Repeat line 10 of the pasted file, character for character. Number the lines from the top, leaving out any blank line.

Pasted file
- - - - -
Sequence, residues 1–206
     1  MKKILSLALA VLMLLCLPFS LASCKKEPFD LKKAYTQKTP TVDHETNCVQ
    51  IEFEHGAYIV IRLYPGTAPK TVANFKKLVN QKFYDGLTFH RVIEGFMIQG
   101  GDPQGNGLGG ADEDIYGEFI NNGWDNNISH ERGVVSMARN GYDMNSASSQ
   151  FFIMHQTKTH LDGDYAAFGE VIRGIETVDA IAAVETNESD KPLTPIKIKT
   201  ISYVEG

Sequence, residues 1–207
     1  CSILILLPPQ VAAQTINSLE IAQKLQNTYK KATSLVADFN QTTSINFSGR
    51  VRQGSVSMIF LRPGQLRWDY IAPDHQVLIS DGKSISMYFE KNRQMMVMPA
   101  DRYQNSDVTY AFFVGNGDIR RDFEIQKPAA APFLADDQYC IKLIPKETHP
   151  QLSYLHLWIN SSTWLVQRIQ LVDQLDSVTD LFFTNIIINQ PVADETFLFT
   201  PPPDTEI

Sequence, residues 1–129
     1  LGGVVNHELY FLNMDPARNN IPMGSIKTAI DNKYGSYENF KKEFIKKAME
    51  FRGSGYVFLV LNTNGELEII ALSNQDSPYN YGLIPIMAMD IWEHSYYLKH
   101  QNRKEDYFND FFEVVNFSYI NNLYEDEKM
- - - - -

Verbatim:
   101  DRYQNSDVTY AFFVGNGDIR RDFEIQKPAA APFLADDQYC IKLIPKETHP